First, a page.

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Tagore’s ‘Kabuliwala’ has given us a brand: Afghan President Ashraf Ghani

Ghani identified terror as a major challenge facing the region and said his government was determined to make Afghanistan the "graveyard of terror".

By: Press Trust of India | New Delhi |
April 28, 2015 5:03:48 pm
Ashraf Ghani, modi, kabuliwala Afghanistan President Ashraf Ghani (Left) with Indian Prime Minister Narendra Modi. (Right) – PTI

Rabindranath Tagore’s famous short story “Kabuliwala” has contributed more to brand Afghanistan which it could not do with billions of dollars, Afghan President Mohammad Ashraf Ghani said today while fondly remembering the late Nobel laureate.

Ghani, who arrived here yesterday, identified terror as a major challenge facing the region and said his government was determined to make Afghanistan the “graveyard of terror”.

He was full of praise for Indian democracy as he talked about Tagore and the cultural links between the two countries.

In “Kabuliwala”, Tagore depicts the story of an Afghan travelling to India with the intention to earn some money in order to pay debts and to save his home in Afghanistan.

“May I take a moment to thank Rabindranath Tagore. ‘Kabuliwala’ has done more to give us a brand which we could not buy with a billion dollars of advertisements.

“I am delighted that the old version is being watched and a new version is being prepared that will give you a much more authentic sitting inside Afghanistan,” Ghani said while speaking at a joint briefing along with Prime Minister Narendra Modi at Hyderabad House.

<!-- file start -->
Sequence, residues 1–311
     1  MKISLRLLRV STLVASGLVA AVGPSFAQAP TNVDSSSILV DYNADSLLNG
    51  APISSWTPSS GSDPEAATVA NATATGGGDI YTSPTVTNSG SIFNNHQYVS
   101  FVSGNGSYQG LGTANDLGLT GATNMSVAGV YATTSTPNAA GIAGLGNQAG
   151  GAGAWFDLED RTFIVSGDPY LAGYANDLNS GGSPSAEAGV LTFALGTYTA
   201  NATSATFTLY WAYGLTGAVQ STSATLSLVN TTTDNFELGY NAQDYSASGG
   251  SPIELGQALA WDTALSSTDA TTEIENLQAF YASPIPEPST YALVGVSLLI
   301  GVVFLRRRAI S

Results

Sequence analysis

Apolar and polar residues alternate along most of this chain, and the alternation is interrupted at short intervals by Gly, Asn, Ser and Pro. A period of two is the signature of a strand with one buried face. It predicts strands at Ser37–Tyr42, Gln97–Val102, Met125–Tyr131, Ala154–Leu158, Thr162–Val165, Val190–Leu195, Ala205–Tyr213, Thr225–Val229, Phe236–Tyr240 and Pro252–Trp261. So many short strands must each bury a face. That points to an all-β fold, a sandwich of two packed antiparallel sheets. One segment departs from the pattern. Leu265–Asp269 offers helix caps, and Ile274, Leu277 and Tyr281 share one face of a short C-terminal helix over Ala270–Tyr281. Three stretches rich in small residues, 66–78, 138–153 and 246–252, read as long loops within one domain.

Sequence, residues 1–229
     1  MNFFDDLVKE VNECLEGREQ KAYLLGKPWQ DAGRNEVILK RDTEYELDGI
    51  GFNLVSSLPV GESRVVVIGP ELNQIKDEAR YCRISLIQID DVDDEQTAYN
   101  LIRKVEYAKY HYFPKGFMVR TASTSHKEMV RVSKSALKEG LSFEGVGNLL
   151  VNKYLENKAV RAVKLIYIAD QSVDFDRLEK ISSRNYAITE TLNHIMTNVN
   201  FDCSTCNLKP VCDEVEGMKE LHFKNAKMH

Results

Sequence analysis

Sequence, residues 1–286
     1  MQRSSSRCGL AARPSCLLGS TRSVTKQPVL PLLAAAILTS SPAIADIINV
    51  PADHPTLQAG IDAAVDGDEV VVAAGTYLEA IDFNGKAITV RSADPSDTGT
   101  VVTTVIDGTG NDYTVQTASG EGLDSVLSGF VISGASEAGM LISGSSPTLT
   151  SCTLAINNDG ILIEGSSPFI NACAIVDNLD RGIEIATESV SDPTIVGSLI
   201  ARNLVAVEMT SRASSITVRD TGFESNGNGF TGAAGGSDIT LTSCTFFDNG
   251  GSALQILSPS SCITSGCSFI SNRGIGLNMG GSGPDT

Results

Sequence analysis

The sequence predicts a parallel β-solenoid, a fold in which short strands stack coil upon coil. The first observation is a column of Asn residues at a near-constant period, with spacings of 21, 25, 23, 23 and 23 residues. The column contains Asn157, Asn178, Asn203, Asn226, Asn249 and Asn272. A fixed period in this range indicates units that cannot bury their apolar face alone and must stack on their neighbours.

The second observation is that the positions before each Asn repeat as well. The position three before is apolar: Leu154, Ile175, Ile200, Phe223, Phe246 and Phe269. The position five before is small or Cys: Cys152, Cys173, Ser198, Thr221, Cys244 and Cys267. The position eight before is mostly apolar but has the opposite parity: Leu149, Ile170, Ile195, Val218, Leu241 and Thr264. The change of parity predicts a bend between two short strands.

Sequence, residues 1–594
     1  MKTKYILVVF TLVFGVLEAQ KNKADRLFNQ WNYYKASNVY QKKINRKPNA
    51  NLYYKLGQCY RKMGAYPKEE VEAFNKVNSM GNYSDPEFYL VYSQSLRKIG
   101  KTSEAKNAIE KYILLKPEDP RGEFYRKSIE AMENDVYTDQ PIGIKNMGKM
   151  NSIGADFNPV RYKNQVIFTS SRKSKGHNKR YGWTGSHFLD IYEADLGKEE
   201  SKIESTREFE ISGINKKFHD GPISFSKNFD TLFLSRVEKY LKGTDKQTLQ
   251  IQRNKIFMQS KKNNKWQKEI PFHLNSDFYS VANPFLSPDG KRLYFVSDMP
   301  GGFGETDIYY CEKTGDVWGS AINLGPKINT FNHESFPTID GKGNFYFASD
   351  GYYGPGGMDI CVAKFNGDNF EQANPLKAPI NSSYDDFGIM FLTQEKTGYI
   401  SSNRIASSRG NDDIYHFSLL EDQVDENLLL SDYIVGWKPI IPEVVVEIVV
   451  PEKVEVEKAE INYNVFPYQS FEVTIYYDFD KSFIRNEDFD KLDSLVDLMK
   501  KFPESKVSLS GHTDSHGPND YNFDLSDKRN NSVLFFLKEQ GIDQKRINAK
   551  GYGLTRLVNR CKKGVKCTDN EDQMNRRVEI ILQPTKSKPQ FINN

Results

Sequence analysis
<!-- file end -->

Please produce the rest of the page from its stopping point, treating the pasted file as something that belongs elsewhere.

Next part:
He fondly remembered the works of Tagore and said that he was taught about the famous author during his childhood by his grandmother.

“I speak of Tagore because I was raised on Tagore by my grandmother who lived in Dehradun…,” Ghani said while talking about India’s vision and the remarkable transformation.

“But India’s impact on others is not been as much understood.”

Ghani also spoke about Abul Kalam Azad, Mahatma Gandhi and Jawaharlal Nehru and talked highly about Indian democracy.

“Abul Kalam Azad, Mahatma Gandhi and Jawaharlal Nehru were not names but ideas people leaders. I would like to pay tribute to Indian democracy, to the discourse of rule of law, to the discourse of equality, to the discourse to the engagement in transformation,” he said.

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